Executive summary excerpts
Early childhood education and care (ECEC) services are places where children play, form relationships, use their imagination and learn. For many young children and their families, ECEC is a part of everyday life. Nearly half of one-year-olds attend some form of ECEC, and about 90% of four-year-olds are enrolled in ECEC. For many children – especially those experiencing disadvantage and vulnerability – attending ECEC can have positive effects on their achievements at school and later in life. But children who would likely benefit the most from ECEC are attending less than average or not at all.
The terms of reference for this inquiry require the Commission to consider a ‘universal’ ECEC system. Reflecting on those children who are unable to access ECEC, the Commission considers a universal system would enable all children to access services that support their development by addressing current availability gaps. In the Commission’s assessment, such a system would enable all children to access three days, up to 30 hours, a week of affordable, high quality ECEC regardless of their parents’ activity status. This would also continue to support mothers’ (or secondary income earners’ within a couple) choices about paid or unpaid work, study or volunteering. Children and families who require additional hours would continue to be able to access them.
Universal access will require further expansion of services, with a commensurate increase in the availability of a qualified, appropriately remunerated and supported educator and teacher workforce. Universal, however, does not mean uniform. In a universal system, some form of ECEC would be available to all children regardless of where they live, but the mode of provision could differ depending on location and the needs of children. Nor does universal access mean compulsory, full-time or fully subsidised access.
Achieving universal access will take time. As a priority, governments should address affordability and availability gaps for those least able to afford ECEC or who can only access few, if any, services. Governments should also improve support for services to ensure a system that is inclusive, flexible and well-coordinated. The draft recommendations in this report span:
• availability – considering ways to make services available in areas of low supply, while ensuring that services offered exceed or at least meet quality standards. Governments are already investing in boosting the supply of ECEC but need to do more to ensure universal access. The regulatory system needs sufficient resources to monitor and enhance quality across ECEC services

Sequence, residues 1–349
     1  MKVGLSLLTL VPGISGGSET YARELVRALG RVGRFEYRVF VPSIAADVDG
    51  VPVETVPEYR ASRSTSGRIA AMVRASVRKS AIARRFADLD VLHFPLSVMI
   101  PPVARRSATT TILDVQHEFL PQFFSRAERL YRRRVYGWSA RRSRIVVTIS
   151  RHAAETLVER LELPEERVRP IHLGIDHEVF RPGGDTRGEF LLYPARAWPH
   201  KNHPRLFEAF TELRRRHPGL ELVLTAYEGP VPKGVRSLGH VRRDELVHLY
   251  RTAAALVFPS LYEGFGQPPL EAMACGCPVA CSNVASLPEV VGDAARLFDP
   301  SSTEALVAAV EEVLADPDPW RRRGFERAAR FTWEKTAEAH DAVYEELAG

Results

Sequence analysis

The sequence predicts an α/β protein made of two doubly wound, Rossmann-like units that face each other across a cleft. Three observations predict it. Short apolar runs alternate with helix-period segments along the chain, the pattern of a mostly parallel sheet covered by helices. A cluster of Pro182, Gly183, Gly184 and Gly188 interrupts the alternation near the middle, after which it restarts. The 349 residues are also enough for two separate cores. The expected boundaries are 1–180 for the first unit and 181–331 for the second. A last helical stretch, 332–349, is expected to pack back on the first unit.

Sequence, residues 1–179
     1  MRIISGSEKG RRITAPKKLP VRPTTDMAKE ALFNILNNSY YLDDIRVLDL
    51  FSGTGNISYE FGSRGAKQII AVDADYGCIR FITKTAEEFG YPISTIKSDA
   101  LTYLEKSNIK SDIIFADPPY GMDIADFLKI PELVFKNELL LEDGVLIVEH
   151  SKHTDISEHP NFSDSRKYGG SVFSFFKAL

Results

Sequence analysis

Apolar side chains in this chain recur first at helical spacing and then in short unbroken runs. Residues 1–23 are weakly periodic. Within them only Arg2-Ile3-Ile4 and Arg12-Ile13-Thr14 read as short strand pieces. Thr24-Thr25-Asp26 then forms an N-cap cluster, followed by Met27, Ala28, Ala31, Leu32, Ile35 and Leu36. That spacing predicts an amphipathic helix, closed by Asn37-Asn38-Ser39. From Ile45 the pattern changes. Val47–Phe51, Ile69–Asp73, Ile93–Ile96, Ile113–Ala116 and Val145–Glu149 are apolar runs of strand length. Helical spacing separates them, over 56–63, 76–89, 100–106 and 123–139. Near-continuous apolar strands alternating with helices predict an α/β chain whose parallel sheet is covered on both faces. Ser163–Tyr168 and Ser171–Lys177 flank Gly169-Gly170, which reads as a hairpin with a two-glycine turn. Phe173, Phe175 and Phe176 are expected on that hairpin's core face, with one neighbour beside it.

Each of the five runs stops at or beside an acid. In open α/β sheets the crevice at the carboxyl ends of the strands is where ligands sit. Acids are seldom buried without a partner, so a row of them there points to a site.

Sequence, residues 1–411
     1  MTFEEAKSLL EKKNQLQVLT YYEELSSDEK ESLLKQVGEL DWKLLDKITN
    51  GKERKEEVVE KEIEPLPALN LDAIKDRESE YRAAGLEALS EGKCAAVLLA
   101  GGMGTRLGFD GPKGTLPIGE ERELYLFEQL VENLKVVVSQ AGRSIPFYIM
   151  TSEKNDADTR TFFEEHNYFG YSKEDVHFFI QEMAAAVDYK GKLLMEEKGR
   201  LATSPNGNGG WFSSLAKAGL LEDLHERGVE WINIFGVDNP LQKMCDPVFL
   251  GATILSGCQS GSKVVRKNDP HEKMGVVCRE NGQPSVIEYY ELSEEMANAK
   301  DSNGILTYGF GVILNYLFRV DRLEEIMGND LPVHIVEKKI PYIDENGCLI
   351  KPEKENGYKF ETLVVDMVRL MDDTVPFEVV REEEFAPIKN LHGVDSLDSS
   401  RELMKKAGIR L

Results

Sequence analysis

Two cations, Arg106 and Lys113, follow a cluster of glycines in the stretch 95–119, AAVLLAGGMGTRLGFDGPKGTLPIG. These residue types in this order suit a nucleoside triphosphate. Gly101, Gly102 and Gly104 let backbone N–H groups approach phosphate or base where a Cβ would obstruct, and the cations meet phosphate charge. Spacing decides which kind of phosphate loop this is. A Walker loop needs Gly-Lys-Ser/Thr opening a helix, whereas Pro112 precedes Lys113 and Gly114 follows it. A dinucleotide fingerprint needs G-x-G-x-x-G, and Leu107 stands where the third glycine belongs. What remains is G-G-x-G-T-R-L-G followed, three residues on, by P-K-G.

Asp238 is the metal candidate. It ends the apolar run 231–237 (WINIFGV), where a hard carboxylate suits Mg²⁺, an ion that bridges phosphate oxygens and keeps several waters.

• affordability – addressing concerns about inequities and lack of flexibility in the current subsidy structure, relaxing the activity test embedded in the Child Care Subsidy (CCS) to support universal access to ECEC, and increasing subsidy rates to low income families, so that ECEC is free or very low cost for those eligible
• inclusivity – ensuring that services are truly inclusive for all children. The programs intended to support inclusion reach only a fraction of the children who need them, and this needs to be addressed
• flexibility – supporting services to be more responsive to the needs of families, including investigating ways to reduce the proportion of hours that families (and taxpayers) are required to pay for even if children do not attend; removing restrictions around the provision of extended care in preschool; and ensuring that primary schools enable the provision of outside school hours care, wherever this is necessary.
The Commission invites feedback from sector participants and the broader community on the policy options included in this draft report. We are also undertaking separate processes to hear directly from children about what they value in ECEC services and what changes they would like to see. Their views, alongside submissions and public hearings, will inform the Commission’s final report, which will be handed to the Australian Government in June 2024.